Regency Domesticity: the Reformed Rake

“It is a maxim, not uncommonly supported in female society, that ‘a reformed rake makes the best husband.’ ” —  Ackermann’s Repository, December 1, 1816, Vol. II No. XII

In a singular letter to the Tattler, the writer offers a disdainful explanation for such a phenomenon. One has either fallen violently in love with a rake and is blinded by passion to his many disastrous characteristics, or she’s such an innocent as to be wholly unacquainted with what a genuine rake is.

“I could manage him,’ she sighed. ‘Oh, but I could!”

“ ‘I could manage him,’ she sighed. ‘Oh, but I could!’ ”

Far better to seek a man of great intellect and maturity, more concerned with the affairs of the world than the high life. One that only a bluestocking could love.

"He was lewd, lascivious, mocking..." And yet a bluestocking fell in love with him.

Balogh’s rake was “lewd, lascivious, mocking..”  And yet a bluestocking fell in love with him.

Of course, marriage to a prosing fool or some worthy devoted to his rural estate would be very dull. It is proposed, therefore, that a little dash, some elegance and the ease that characterizes the rake can be had as long as the intended spouse is endowed with a quantity of good nature.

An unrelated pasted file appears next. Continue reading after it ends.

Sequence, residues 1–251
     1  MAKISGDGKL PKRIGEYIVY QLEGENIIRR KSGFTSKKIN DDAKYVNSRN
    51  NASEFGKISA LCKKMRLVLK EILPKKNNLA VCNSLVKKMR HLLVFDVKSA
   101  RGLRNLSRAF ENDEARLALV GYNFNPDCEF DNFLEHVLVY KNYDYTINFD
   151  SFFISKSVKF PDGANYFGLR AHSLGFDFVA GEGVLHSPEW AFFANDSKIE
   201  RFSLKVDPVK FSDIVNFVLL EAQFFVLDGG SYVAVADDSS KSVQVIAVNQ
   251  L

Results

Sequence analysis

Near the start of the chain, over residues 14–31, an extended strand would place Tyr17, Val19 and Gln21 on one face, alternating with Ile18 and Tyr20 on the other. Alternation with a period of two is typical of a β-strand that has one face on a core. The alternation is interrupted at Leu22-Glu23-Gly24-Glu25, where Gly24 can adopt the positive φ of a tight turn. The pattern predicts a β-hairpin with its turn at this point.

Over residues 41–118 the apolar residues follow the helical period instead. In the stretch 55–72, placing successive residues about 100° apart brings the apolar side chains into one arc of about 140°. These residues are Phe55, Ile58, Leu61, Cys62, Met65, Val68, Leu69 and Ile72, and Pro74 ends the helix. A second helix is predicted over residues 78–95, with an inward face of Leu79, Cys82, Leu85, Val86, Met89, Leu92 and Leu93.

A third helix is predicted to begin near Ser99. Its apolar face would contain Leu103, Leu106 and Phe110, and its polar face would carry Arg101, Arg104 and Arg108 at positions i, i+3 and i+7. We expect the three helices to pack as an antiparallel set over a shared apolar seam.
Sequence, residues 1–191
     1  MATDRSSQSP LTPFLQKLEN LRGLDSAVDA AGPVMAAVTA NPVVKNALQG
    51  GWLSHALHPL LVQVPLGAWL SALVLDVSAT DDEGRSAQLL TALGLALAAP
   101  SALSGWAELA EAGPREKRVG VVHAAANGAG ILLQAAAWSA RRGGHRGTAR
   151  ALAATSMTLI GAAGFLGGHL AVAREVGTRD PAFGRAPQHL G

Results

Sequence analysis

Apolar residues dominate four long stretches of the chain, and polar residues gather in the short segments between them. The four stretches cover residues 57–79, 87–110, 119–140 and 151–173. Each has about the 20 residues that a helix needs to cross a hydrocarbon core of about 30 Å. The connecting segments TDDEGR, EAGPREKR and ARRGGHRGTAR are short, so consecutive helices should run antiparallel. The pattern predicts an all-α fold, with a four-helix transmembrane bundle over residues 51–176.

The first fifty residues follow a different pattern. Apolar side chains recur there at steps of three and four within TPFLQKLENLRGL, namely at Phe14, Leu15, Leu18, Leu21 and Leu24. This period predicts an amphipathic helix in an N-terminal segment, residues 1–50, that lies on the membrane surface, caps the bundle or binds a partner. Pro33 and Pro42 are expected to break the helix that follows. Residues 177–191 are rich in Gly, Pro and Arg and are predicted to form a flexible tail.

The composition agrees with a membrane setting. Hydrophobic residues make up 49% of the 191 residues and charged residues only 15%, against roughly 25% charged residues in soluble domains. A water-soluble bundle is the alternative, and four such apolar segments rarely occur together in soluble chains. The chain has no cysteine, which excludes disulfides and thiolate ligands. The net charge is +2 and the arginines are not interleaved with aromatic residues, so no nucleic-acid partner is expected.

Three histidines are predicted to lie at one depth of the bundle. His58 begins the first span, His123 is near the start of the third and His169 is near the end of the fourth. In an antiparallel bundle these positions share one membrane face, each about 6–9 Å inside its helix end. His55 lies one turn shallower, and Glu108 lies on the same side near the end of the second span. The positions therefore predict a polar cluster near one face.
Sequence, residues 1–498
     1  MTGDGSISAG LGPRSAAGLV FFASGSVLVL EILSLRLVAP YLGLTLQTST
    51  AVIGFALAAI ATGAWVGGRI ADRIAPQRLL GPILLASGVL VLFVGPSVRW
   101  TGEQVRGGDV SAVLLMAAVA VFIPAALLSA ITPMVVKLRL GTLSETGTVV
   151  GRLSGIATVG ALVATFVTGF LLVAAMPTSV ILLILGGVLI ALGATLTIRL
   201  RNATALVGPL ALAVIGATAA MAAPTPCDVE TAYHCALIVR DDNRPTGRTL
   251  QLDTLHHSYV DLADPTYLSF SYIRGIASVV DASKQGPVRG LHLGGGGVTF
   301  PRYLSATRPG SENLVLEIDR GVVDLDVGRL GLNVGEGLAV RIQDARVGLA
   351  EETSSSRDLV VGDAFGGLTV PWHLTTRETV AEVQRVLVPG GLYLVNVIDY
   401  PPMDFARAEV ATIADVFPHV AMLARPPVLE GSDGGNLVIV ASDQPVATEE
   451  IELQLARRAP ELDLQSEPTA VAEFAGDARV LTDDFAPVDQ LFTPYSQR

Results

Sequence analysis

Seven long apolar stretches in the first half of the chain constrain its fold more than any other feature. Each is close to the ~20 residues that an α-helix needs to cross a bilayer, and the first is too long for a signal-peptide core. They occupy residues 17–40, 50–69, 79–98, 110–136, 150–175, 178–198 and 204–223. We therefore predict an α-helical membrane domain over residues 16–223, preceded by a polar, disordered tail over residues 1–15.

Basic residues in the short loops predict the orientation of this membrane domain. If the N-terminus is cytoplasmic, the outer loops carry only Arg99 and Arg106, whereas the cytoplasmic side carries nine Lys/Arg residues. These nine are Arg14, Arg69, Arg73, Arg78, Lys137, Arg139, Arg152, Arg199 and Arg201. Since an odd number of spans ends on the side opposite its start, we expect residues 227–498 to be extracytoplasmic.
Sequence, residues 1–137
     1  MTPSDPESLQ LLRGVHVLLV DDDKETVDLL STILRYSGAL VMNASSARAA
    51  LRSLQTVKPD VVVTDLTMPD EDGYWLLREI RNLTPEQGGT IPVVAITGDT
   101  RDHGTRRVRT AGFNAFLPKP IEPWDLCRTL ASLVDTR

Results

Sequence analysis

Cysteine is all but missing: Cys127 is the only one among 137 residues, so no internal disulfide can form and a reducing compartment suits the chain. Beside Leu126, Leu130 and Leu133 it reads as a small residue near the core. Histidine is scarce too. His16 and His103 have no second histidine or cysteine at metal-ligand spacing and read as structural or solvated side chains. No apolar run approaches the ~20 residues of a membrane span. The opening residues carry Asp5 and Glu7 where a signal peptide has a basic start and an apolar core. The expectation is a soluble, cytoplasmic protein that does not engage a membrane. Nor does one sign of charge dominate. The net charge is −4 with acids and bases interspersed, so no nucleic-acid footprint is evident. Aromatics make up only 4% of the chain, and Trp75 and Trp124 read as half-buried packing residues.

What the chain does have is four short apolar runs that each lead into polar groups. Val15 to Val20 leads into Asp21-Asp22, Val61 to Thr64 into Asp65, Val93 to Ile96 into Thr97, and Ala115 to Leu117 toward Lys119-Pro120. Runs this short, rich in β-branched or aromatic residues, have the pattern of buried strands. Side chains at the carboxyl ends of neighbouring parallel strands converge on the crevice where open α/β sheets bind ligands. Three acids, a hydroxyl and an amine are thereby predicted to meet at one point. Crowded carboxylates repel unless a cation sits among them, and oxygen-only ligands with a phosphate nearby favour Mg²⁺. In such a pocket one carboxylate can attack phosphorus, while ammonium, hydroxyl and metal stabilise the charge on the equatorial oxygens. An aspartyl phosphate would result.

Beware of unrestrained good nature, however. Profligate generosity has led many (see John Mytton) to throw good fortune to the four winds. Cannot marriage to such a man be made wretched when good nature:

“..induces him to sacrifice his own health to promote the jovial pleasures of his friends and acquaintance? Is it not his good-nature, that, to gratify the vanity of his wife in all the figure and fashion of high life, brings on the impoverishment of his estate? “

"...her only chance to find the true man behind the wicked facade."

“…dissolute, reckless and extravagant–and lost to the world.”

As this letter is in the vein of a good many Regency epistles, the true aim of its discourse is to praise that prized quality of the time–the quality of good character.

Good nature that is both amiable and tempered by sense can only be discerned by observation of the prospective husband.

“Do his dependents approach him with cheerful respect?  Does he disdain to be merry at the expense of another? Does he mention the absent with candour, and behave to those who are present with manly complacency?”

Regency preoccupation with character is the reason why Ms. Austen forces darling Lizzie to quiz poor Mr. Darcy. She searches for amiability despite his forbidding manner, readily admitting that she is quite determined to discover the nature of his character.

How wonderful when she does, and that it took her some time to discern it!

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